The opposition also included declarations from longtime major league players Wally Joyner and Mike Sweeney defending Harkins and named several pitchers — including Corey Kluber, Max Scherzer, Felix Hernandez and Adam Wainwright, as well as several current and former Angels — who previously asked Harkins for his blend.

In its decision, the court weighed three central issues — whether Harkins was truly fired because of his concoction of rosin and pine tar, whether he provided it to pitchers and whether doing so was illegal. The fact Harkins didn’t dispute the first two issues and that the third is supported by Rule 6.02(c) hurt the plaintiff’s side.

Another factor was that comments from MLB and the Angels toward Harkins were made in private, and that subsequent reports about the reason for his firing were attributed to unnamed sources.

“This is not to say that the termination was justified under the circumstances,” the judge’s ruling read, “only that the plaintiff cannot show that these statements were false and defamatory.”

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We’ll be ready to host spring training, delay or no delay

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After sending a letter to Major League Baseball commissioner Rob Manfred that suggested delaying spring training “to allow for the COVID-19 situation to improve here,” Cactus League executive director Bridget Binsbacher told ESPN on Monday that the 10 Phoenix-area facilities that host teams will be ready to open if games start as scheduled.

“If it is determined that spring training is going to start on Feb. 27, we’re prepared for that,” Binsbacher told ESPN in an interview. “Our focus is having a safe, secure experience for all involved. We believe we can do that on the 27th. We believe we can do that a month from the 27th.”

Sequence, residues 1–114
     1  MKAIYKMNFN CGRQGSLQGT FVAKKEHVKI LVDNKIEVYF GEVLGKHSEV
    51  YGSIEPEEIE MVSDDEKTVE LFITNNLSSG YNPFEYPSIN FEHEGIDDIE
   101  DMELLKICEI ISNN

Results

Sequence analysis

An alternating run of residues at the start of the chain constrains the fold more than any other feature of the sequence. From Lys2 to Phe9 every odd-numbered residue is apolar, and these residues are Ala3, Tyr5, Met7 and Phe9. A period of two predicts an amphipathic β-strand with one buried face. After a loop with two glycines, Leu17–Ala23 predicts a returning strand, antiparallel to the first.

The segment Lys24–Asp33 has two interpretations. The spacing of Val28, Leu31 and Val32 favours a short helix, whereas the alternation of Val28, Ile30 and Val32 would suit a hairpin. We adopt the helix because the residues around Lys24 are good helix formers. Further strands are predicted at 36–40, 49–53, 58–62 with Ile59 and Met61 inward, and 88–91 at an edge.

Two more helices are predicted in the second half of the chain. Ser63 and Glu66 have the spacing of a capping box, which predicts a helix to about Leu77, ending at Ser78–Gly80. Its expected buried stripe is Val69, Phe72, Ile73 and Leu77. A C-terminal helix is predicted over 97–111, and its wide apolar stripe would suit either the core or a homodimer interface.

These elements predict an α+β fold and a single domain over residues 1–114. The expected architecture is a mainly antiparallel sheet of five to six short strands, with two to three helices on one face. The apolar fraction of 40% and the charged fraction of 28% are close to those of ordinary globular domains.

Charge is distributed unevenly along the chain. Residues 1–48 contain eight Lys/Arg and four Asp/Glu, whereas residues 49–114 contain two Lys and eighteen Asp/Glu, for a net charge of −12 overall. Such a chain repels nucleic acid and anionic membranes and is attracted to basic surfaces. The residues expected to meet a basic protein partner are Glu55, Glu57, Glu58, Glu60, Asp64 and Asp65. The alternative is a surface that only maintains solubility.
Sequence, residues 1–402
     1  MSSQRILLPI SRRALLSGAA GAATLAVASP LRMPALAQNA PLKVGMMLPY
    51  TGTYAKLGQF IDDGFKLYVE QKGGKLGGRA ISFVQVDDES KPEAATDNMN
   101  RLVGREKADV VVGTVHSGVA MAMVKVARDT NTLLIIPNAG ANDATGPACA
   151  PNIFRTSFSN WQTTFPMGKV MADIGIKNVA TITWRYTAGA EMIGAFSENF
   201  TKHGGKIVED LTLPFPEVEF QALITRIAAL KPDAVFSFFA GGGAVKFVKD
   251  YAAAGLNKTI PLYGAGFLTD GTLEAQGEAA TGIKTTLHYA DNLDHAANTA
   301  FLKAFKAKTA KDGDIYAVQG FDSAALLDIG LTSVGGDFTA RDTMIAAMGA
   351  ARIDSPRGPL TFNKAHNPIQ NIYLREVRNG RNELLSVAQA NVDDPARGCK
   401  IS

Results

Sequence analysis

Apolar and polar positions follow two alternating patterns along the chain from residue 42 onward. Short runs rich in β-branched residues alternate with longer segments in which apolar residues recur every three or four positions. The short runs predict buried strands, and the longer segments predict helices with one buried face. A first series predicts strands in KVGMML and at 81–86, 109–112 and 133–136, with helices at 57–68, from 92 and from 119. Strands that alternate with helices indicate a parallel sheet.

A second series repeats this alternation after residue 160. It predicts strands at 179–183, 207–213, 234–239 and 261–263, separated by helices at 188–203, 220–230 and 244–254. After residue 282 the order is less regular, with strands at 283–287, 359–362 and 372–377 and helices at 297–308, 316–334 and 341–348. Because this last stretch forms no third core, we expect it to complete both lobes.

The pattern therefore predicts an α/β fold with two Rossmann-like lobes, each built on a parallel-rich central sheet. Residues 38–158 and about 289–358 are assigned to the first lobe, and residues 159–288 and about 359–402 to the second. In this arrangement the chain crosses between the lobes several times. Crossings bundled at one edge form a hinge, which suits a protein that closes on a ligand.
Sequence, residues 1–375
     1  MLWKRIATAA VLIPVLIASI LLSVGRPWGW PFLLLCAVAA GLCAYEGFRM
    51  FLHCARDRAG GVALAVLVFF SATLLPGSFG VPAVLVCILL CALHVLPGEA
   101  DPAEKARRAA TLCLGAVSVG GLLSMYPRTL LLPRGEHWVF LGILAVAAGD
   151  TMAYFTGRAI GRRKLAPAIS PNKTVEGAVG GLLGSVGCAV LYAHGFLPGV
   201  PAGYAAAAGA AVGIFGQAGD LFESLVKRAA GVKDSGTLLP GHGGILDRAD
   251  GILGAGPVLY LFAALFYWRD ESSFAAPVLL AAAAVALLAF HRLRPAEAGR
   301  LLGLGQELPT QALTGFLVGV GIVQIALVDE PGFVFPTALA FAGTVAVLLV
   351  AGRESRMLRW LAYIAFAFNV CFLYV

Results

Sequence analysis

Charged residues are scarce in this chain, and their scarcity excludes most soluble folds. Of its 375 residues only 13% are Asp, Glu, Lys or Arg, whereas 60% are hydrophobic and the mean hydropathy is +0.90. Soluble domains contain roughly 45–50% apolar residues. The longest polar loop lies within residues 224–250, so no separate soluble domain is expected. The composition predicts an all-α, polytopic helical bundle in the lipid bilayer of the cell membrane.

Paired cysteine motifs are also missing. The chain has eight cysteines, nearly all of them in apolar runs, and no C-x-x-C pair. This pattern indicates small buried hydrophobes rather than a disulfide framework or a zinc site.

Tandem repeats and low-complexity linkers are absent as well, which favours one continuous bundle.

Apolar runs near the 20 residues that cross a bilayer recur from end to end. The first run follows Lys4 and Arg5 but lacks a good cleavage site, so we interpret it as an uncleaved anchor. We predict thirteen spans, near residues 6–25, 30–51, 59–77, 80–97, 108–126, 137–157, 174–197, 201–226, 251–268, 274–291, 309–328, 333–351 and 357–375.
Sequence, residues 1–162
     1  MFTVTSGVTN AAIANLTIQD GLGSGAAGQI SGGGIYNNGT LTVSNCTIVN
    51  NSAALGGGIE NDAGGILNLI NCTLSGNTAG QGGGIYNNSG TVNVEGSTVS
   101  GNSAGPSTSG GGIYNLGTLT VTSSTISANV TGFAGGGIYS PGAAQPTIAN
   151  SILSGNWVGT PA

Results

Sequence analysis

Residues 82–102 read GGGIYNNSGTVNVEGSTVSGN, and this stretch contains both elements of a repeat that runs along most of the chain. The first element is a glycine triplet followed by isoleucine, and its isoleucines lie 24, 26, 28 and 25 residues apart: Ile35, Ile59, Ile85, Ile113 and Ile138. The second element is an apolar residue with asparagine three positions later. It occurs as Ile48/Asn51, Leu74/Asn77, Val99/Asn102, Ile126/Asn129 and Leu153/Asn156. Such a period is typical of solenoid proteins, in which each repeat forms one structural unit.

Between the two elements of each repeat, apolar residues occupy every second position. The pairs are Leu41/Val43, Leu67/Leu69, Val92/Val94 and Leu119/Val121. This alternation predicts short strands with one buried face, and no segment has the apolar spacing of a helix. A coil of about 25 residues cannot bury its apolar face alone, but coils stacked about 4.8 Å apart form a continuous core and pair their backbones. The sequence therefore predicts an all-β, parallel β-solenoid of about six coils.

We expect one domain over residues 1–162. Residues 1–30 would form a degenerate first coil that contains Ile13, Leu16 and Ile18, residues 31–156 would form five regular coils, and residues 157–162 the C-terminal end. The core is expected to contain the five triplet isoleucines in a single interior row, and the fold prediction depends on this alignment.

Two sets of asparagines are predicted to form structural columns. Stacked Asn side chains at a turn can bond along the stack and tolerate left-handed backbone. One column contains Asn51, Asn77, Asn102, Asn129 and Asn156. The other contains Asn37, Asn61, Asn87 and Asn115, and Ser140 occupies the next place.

Binsbacher’s letter, which was co-signed by six mayors, two city managers and a president of a tribal community, cited the Phoenix area’s high COVID-19 infection rate and a model that “projects a sharp decline in infections in Arizona by mid-March.” Fifteen teams are scheduled to arrive in Arizona around mid-February, with games slated to begin Feb. 27. The Cactus League has no authority to change the schedule.

The letter comes as MLB and the MLB Players Association attempt to juggle a series of issues, including the viability of starting games on time, in a continuation of their strained relationship that manifested itself last season with Manfred’s implementation of a 60-game schedule. The union is insistent on playing a full 162-game season this year and continues to chafe at the notion of anything less.

In a statement, the MLBPA said: “While we, of course, share the goals of a safe spring training and regular season, MLB has repeatedly assured us that it has instructed its teams to be prepared for an on-time start to spring training and the regular season.”

The league, in a statement, said: “As we have previously said publicly, we will continue to consult with public health authorities, medical experts and the players association whether any schedule modifications to the announced start of spring training and the championship season should be made in light of the current COVID-19 environment to ensure the safety of the players, coaches, umpires, MLB employees and other gameday personnel in a sport that plays every day.”

Binsbacher said the Cactus League had worked with spring-training facilities, other local sports and MLB since September — and that MLB did not specifically request the letter. The concern from officials expressed in it goes against the actions taken by sports franchises and others in the Phoenix area. The Arizona Coyotes and San Jose Sharks are playing regular-season NHL games in Glendale, the Phoenix Suns are having regular-season NBA games downtown, and high schools across the area are participating in all sports.